Moses Taken from the River

Mid-3rd century
Fresco
The synagogue at Dura Europos, Syria

The narrative flow in this part of the fresco wall moves from the right, where the midwives receive the Pharaoh's command, to the middle, where the baby is discovered by Pharaoh's daughter, and then to the left, where Moses' sister Miriam receives the child and hands it on to her mother Jochebed (Exodus 1:15-2:8).

For students of Christian iconography, Moses' basket is of particular interest. As with many Christian images of Noah's ark it is pictured as a built structure, in this case a sort of rectangular box with a tower on the right. In Genesis, Noah's ark is called in Hebrew a tevah. The only other use of tevah in the Bible is at Exodus 2:3, where it is the word for the Moses' basket. The Mishnah, which is contemporaneous with these frescos, uses this same word for the chest or "ark" where the Torah scrolls are kept (Frankel, s.v. "Ark, Noah's"). Thus with one image the congregant can contemplate the tevahs of Noah and Moses carrying God's people safely on the waters just as the Torah lies snug in its own tevah in this built structure, the holy synagogue.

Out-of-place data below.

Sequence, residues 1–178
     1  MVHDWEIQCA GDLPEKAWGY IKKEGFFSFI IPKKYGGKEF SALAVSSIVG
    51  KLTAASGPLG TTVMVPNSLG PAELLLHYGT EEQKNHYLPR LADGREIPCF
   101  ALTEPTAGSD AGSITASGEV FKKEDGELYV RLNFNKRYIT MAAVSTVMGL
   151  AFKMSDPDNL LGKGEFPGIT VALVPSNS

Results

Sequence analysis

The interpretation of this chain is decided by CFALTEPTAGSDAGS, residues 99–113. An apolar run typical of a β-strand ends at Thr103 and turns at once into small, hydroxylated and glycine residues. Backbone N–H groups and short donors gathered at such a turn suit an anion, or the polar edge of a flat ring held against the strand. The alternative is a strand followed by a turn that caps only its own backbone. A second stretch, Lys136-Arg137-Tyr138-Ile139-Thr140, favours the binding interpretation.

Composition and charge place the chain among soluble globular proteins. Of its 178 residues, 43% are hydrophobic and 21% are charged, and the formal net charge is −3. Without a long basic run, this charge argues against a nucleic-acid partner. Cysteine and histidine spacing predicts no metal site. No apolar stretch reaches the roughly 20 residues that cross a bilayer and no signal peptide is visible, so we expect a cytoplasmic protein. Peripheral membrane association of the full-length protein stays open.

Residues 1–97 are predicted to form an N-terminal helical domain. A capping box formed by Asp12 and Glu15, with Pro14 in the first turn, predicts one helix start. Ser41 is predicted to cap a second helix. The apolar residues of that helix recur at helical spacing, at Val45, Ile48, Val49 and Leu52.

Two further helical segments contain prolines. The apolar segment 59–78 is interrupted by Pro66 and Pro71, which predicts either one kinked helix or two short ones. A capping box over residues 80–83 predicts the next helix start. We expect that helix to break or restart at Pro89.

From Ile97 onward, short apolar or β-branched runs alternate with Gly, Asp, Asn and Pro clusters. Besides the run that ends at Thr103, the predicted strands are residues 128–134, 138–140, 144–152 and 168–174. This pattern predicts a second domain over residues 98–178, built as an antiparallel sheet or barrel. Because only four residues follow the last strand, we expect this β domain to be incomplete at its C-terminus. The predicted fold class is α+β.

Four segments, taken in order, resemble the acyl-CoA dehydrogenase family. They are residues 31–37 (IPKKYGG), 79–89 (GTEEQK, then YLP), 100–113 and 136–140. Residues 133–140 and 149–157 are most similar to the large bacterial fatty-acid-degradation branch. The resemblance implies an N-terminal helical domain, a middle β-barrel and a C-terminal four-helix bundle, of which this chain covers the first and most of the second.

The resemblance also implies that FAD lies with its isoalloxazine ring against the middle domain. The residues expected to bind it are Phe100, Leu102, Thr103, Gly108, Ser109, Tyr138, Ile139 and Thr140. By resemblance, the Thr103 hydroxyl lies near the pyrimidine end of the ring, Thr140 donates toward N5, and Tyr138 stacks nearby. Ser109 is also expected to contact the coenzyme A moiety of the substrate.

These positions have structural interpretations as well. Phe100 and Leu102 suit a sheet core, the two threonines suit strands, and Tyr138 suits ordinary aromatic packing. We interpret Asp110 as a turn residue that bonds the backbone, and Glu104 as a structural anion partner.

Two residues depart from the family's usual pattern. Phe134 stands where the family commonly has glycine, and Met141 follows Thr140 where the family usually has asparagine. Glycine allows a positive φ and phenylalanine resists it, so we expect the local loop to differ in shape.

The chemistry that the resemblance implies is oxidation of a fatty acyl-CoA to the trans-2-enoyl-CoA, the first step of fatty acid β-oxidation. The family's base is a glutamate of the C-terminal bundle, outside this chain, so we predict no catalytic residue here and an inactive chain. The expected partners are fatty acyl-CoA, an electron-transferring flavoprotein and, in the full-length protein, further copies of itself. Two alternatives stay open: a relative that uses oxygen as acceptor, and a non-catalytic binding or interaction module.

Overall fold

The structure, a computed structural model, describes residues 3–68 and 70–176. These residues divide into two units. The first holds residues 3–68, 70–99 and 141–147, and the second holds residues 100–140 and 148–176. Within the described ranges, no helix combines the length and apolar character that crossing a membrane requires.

Behind the Pharaoh's daughter, her attendants wear Greek peploi and hold the symbols that nymphs bring to the birth of a "divine man" in Hellenistic iconography. It is the princess, not they, who takes up the child. The interpretation of the Hebrew Bible then current in Syria and Palestine took the Hebrew verb to mean she "stretched forth her hand" to get the baby (as seen here), not "sent her handmaid," as in modern translations. Similarly, some rabbinic commentaries held that the two midwives charged with killing Hebrew babies were in fact Miriam and Jochebed, so the midwives we see on the right are pictured as the same women as on the left. Some modern scholars have explained the nakedness of Pharaoh's daughteras identifying her with Isis/Venus, but it may be a reference to rabbinic explanations of the time that said that she was going into the water to cleanse herself, whether of leprosy (like Naaman in the Jordan in 2 Kings 5) or of the stain of idolatry (Schreckenberg and Schubert, 178-82).

Read more about Moses and Miriam.

Source: Wikimedia Commons